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Old 11-01-2010, 02:57 PM
 
5 posts, read 8,680 times
Reputation: 10

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Hey guys, been going back and forth debating on this question. My brother ended up getting a solar water heater setup last december and ive wanted to also since. He went through spencers and after getting his aps/state/federal money back, he has paid litterally zero for it.

My deal is im trying to see if anyone recommends a business to go through and end up paying the least amount after rebates. Spencers current price ends up being $1059.80 after all rebates and thats from the retail price of $5399. Which also includes a $500 gift card to spencers that i dont want and rather apply toward the heater, but wont let you

From some research, APS says customer has to pay at least 15% of the water heater to apply for the rebate with them, would that count if a loan is paid or do they want to see after all rebates, customer is paying?

I Just cant justify paying 1k out of pocket to save $50/month if i only plan on being in this house for 2-3 years then sell (only advantage would be home value going up)

Thanks for the input!
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Old 11-01-2010, 03:14 PM
 
30 posts, read 40,385 times
Reputation: 18
I have been researching the same thing. I cant provide you any advice yet but I found good info at Energy Savers: Solar Water Heaters

I have been looking into this company but havent determined anything yet. Solar Water Heating Systems | Earth Energy Innovations (http://www.earthenergyinnovations.com/solar-water-heat - broken link) They look legit though.

I just started prelim research. I'll keep you updated. Let me know what you find out
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Old 11-01-2010, 11:11 PM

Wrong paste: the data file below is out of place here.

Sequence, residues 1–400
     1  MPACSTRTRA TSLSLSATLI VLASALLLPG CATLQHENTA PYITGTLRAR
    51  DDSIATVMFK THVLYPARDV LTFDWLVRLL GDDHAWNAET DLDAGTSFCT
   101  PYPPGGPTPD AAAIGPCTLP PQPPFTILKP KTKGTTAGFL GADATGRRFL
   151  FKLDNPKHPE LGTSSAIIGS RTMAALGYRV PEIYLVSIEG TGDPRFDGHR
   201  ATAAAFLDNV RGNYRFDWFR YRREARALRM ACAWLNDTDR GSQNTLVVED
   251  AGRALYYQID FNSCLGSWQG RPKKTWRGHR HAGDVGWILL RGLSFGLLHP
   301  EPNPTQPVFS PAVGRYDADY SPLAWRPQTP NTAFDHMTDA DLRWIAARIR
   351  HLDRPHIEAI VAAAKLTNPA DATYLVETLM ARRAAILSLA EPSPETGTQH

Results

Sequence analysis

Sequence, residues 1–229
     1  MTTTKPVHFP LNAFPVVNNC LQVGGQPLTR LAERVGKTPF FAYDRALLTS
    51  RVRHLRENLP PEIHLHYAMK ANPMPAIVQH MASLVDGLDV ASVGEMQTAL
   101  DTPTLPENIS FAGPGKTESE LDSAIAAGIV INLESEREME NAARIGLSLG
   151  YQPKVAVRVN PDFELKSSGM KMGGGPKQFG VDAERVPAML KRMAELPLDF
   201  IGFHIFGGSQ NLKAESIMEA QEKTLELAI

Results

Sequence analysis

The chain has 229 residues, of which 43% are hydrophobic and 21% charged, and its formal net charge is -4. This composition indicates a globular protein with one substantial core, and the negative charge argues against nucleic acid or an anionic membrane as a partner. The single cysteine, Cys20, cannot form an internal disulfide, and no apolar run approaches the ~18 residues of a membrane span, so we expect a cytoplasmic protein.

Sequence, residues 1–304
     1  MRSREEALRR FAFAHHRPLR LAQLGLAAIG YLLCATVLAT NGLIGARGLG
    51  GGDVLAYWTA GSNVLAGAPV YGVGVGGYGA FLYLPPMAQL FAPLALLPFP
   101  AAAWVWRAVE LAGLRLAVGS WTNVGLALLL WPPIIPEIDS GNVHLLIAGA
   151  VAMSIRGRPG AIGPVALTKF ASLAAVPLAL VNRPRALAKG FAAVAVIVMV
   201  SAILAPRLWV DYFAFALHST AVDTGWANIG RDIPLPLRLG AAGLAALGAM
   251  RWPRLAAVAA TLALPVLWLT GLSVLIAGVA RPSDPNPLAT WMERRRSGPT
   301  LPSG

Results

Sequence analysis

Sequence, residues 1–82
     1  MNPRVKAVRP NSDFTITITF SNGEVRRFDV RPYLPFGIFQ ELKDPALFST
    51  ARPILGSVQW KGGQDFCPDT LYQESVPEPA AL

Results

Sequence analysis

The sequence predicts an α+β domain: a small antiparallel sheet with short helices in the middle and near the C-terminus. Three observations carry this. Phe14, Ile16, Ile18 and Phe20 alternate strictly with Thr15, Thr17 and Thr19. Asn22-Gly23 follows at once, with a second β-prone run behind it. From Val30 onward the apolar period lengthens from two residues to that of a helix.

Location: Rural Michigan
6,341 posts, read 13,224,485 times
Reputation: 10507
You should look into heat-pump water heaters. They actually use less energy than solar. For some reason, the utilities and state governments haven't done the math, and they've decided to throw big subsidies at solar and ignore heat-pump water heaters.

GE, Rheem, and Airtap have units available that will pay back in a reasonable time frame, and the up-front cost ranges from $700-$2k (and they qualify for the 30% tax credit)

I have been using an Airtap unit for a little over a year now, and according to my kill-a-watt meter, I'm paying under $10/month for hot water, even at peak (summer) pricing. My Airtap cost $699 before the tax credit.
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Old 11-02-2010, 01:56 AM
 
Location: in transition
164 posts, read 735,391 times
Reputation: 185
Quote:
Originally Posted by Zippyman View Post
You should look into heat-pump water heaters. They actually use less energy than solar. For some reason, the utilities and state governments haven't done the math, and they've decided to throw big subsidies at solar and ignore heat-pump water heaters.

GE, Rheem, and Airtap have units available that will pay back in a reasonable time frame, and the up-front cost ranges from $700-$2k (and they qualify for the 30% tax credit)

I have been using an Airtap unit for a little over a year now, and according to my kill-a-watt meter, I'm paying under $10/month for hot water, even at peak (summer) pricing. My Airtap cost $699 before the tax credit.